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Euripides’ New Song: The First Stasimon Of Trojan Women

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Chapter Summary

Euripides has put into the mouth of his chorus an opening to an epic song which neither they, as captive Trojan women, nor he, as tragic poet, is in a position to perform. One of the salient features of the "dithyrambic stasima," of which Troades 511-567 is supposedly the first, is their self-contained character, whereas the earliest tragic lyrics to which one have access are anything but self-contained. This chapter concerns itself with an examination of the way in which Euripides has constructed this song as a means of focusing on the Iliadic elements of the stasimon and relating those elements to the trilogy as a whole. Euripides' audience was quite familiar with an incident from the epic past in which ships were hauled down to the sea in an atmosphere of rejoicing, namely the deceptive testing of the troops in Iliad.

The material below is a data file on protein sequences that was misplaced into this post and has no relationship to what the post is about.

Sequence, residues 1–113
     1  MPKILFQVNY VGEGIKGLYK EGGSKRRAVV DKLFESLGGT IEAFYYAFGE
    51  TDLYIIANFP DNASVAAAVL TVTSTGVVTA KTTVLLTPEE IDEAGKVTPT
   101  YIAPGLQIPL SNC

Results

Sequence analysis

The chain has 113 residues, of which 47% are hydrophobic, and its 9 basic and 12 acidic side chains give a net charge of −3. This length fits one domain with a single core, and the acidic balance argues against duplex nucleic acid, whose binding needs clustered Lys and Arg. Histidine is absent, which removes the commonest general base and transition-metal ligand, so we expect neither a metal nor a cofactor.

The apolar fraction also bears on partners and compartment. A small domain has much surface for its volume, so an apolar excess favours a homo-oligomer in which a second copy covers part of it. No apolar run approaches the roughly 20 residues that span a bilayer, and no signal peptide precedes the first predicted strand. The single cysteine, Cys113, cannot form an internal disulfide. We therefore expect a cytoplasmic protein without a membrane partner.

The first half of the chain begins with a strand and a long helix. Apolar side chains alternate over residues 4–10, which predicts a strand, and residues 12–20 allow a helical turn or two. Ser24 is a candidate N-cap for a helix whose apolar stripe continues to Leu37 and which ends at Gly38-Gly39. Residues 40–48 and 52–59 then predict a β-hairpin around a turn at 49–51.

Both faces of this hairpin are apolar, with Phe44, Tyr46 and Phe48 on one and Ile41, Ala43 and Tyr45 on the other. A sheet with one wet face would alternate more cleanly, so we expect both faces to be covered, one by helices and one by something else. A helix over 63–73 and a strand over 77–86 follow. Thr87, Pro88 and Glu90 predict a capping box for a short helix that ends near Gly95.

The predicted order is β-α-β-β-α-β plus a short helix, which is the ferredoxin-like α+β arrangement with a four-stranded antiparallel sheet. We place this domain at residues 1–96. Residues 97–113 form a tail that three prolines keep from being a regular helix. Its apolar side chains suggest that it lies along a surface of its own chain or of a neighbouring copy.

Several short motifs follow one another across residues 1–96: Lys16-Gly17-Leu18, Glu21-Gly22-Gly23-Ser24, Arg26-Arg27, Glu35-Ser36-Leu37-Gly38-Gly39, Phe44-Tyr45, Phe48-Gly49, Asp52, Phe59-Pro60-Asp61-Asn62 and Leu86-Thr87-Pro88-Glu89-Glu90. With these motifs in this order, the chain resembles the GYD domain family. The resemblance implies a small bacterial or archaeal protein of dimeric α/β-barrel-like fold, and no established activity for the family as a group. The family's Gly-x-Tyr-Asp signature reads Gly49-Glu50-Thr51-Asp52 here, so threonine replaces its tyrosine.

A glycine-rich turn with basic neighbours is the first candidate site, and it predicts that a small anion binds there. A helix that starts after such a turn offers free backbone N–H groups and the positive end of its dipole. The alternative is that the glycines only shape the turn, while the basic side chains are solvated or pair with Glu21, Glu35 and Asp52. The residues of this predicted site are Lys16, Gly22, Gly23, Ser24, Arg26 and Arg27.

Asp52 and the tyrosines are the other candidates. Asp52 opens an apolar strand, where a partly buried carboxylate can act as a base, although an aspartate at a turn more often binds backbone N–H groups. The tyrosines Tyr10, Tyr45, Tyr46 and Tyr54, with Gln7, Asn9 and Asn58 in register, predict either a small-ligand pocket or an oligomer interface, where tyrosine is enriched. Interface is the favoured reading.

Keywords: Euripides' new song; Iliad; stasimon; Trojan women

10.1163/ej.9789004174733.i-580.33
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